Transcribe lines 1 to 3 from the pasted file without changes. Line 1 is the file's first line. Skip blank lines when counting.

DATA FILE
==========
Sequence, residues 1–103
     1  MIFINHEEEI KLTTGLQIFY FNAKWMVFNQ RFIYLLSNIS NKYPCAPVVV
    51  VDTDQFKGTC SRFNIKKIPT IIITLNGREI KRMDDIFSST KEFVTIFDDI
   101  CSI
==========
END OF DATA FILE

Sequence, residues 1–103
     1  MIFINHEEEI KLTTGLQIFY FNAKWMVFNQ RFIYLLSNIS NKYPCAPVVV
    51  VDTDQFKGTC SRFNIKKIPT IIITLNGREI KRMDDIFSST KEFVTIFDDI